Hit: Mission: Accomplished

Hidden Gem: The Exchange

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Rocks In The Attic #525: Various Artists – ‘Cocktail (O.S.T.)’ (1988)

rita525God, I miss the shameful optimism of 1980s mainstream American cinema. Yes, it was soulless (at times) and offered little in the way of substance (again, at times), but I really have a deep feeling of nostalgia for helicopter tracking shots of American cities, soundtracked by the likes of Starship’s Wild Again. Throw a bit of neon in there, and a glimpse of bikini, and I’m hooked.

I’m a child of the 1980s so America has always felt like the centre of the universe – it still is – and the main driver of that image was American cinema. Cocktail, albeit directed by a New Zealander (Roger Donaldson), is a typical example. It may not be the greatest film in the world – it’s far from it – but I’d happily watch it again right now.

I would have been very aware of who Tom Cruise was in 1988, but it might have been the first time I saw Elisabeth Shue and Bryan Brown; a couple of actors I’ve always admired. Shue appeared as the love interest in The Karate Kid (1984) and as the lead in Adventures In Babysitting (1987), but Cocktail would definitely be the first time I’d seen her in an adult role.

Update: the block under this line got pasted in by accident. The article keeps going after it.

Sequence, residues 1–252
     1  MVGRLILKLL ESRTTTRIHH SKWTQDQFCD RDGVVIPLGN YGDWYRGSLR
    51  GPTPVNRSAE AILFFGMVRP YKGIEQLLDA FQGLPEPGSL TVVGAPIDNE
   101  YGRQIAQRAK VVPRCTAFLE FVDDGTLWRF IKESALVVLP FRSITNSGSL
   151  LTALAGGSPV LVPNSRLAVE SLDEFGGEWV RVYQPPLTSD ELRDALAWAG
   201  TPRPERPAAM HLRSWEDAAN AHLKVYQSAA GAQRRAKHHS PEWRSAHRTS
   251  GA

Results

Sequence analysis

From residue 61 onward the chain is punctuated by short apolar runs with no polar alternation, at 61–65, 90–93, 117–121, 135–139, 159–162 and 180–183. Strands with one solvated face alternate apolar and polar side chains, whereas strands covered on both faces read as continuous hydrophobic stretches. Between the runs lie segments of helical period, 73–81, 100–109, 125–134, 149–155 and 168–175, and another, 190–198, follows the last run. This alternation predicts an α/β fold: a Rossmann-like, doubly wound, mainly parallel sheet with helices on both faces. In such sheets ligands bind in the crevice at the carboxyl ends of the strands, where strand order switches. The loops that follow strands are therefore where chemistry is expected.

One of my favourite moments from Brett Easton Ellis’ American Psycho is when our anti-hero Patrick Bateman shares an elevator with Tom Cruise, who lives in the same apartment block:

The film actor, Tom Cruise, has an apartment in my building and steps into the elevator just after me. I press the “PH” button for him and he nods his thanks. He is wearing a sport coat from Ralph Lauren over a tshirt, also Ralph Lauren, Calvin Klein Jeans and Ray Bans and is very short.
‘I really liked
Bartender“, I say to him.
‘Cocktail.’
‘What?’
‘The movie is called
Cocktail.’
‘Oh, right, of course.’
We turn away from each other as the elevator hums along. Then, he slowly turns towards me.
‘Your nose is bleeding,’ he tells me.
I hadn’t noticed it, although it is bleeding heavily and I reach for my pocket square by Bill Blass as we arrive at my floor. As I step into the hallway, covering my nose with the handkerchief, I hear Tom Cruise stabbing frantically at the ‘Close Door’ button.

Hit: Don’t Worry, Be Happy – Bobby McFerrin

Hidden Gem: Powerful Stuff – The Fabulous Thunderbirds

Rocks In The Attic #507: Prince – ‘Prince’ (1979)

RITA#5072016 has been a terrible year for celebrity deaths, particularly those from music, films and television. The year started off tainted by the death of Motörhead’s Lemmy Kilmister just a few days before New Year. Then things started to go crazy with David Bowie dying suddenly on the tenth of January. Following him, we’ve also seen the passing of Eagle Glenn Frey, Beatles producer George Martin, Keith Emerson, Merle Haggard, Elvis’ guitarist Scotty Moore, and many, many more.